Prosecutors already have charged more than a dozen members of the far-right Proud Boys and Oath Keepers groups who were at the Jan. 6 riot with seditious conspiracy, a rarely used statute that makes it illegal to overthrow the U.S. government by force.
To prove seditious conspiracy, prosecutors would need to show Trump conspired with others to use force, said Barbara McQuade, a law professor at the University of Michigan and a former federal prosecutor.
"While her testimony is consistent with that theory, it does not alone establish it," McQuade said.
OBSTRUCTION OF JUSTICE
At the end of Hutchinson's testimony, Representative Liz Cheney, a Republican, presented possible evidence of witness tampering and obstruction of justice.
Cheney showed messages to unidentified witnesses advising them that an unidentified person would be watching their testimony closely and expecting loyalty.
If the committee has evidence that the people who sent the messages had a "tacit understanding" with Trump, prosecutors could use it to show there was a conspiracy to tamper with witnesses, said Daniel Medwed, a law professor at Northeastern University in Boston.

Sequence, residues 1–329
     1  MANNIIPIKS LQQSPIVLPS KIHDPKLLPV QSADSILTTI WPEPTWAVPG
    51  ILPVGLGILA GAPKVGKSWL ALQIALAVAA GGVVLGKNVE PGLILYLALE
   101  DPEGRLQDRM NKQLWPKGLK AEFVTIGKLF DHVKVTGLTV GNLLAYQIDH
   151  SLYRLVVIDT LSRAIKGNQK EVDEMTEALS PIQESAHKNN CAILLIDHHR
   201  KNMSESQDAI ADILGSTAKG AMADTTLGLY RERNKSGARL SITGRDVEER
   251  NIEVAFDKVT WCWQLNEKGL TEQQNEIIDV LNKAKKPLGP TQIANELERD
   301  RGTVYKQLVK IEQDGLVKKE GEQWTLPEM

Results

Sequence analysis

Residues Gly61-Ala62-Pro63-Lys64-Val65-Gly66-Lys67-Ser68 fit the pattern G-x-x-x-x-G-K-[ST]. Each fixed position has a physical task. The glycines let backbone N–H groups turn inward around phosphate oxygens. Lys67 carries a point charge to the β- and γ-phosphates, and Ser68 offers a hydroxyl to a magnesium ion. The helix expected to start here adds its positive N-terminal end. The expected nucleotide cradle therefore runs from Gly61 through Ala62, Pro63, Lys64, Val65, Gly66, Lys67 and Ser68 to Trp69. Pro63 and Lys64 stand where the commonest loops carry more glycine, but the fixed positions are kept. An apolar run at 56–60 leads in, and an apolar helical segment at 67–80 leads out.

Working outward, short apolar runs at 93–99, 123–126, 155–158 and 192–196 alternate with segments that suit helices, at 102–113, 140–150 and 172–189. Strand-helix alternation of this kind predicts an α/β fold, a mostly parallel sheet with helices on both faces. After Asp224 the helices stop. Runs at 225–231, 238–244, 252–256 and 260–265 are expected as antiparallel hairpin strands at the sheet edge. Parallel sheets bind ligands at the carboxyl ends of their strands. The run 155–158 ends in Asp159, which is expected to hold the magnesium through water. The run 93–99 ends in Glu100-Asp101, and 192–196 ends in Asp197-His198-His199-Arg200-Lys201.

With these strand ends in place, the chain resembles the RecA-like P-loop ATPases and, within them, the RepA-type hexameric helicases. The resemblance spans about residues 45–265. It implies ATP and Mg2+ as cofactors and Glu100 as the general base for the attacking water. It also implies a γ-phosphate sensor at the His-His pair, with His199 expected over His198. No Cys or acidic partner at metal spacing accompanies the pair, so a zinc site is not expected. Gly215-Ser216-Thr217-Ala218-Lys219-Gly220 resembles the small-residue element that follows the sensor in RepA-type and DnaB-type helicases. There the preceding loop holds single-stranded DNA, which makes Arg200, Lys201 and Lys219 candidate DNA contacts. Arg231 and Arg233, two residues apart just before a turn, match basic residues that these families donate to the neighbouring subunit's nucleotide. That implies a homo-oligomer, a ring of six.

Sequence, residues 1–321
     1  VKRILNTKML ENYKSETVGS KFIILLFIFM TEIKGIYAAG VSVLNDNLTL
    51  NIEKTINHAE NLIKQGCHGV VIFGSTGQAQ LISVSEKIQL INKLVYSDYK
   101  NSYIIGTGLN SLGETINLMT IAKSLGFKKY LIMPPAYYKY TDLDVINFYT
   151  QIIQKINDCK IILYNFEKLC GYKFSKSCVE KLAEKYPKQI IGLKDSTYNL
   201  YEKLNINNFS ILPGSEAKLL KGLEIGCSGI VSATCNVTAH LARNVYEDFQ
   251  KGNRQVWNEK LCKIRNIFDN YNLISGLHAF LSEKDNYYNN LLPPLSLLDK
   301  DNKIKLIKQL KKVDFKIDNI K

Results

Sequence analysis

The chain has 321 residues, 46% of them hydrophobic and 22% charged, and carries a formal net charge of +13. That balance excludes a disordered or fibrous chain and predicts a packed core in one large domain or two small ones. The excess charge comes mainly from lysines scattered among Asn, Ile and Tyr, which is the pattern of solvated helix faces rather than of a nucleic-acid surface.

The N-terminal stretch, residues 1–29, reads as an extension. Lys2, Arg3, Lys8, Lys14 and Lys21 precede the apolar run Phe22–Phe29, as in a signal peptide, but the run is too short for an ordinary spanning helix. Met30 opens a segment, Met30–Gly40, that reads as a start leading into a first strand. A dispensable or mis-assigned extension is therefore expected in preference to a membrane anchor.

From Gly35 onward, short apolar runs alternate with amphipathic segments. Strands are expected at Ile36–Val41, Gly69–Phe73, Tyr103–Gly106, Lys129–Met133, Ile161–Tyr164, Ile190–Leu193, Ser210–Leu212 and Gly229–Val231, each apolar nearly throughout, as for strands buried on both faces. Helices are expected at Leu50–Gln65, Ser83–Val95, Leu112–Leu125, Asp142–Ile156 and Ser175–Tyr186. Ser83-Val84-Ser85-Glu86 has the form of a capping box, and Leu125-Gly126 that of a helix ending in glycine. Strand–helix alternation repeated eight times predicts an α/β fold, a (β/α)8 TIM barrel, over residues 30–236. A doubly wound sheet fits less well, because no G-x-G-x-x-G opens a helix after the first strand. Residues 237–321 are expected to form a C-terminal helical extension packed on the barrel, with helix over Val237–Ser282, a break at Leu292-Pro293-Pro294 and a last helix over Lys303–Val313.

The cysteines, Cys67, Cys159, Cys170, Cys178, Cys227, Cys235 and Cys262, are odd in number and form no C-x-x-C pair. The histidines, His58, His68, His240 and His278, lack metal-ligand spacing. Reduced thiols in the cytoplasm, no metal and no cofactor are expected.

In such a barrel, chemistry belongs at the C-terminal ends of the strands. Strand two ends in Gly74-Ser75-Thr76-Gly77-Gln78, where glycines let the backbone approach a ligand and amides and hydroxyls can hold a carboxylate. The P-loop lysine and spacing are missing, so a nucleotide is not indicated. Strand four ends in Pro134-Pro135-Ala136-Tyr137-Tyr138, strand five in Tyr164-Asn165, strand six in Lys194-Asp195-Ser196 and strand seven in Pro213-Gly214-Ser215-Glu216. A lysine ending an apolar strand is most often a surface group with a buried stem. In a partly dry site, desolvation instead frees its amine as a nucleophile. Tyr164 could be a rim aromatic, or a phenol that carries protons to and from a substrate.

"They were setting the table for witness tampering and likely have other witnesses coming in to nail that down," he said.
The fact that Cheney did not identify the sender of the messages suggests it may be "more of a shot across the bow to get the person to knock it off," McQuade said.
Trump has repeatedly denied doing anything illegal in connection with the Jan. 6 events.
If the Justice Department brings charges, prosecutors' main challenge will be proving that Trump acted with corrupt intent, experts said.
Trump could argue he sincerely believed that he won the election and that his well-documented efforts to pressure Pence and state election officials were not meant to obstruct Congress or defraud the United States, but to protect the election's integrity.
Hutchinson's account could make it more difficult for Trump to assert this defense, Medwed said.
"Prior to (Tuesday's) disclosures, the biggest hurdle to charging Trump related to mental state: to proving that he intended to obstruct an official proceeding or to agree with others to defraud the U.S. or foment rebellion," Medwed said.
"(Tuesday's) testimony offered powerful circumstantial evidence that it was his intent to do those things."
DOES THIS MEAN TRUMP WILL BE CRIMINALLY CHARGED?
No. Neither Carter nor the committee can charge Trump with federal crimes. That decision must be made by the Justice Department, led by Attorney General Merrick Garland.
The department is conducting its own sprawling investigation of the Jan. 6 events, but has not signaled whether it intends to indict Trump, a decision that could have enormous political consequences as Trump weighs another run for the presidency in 2024. The department did not respond to a request for comment.
(Reporting by Luc Cohen in New York; Editing by Noeleen Walder and Howard Goller)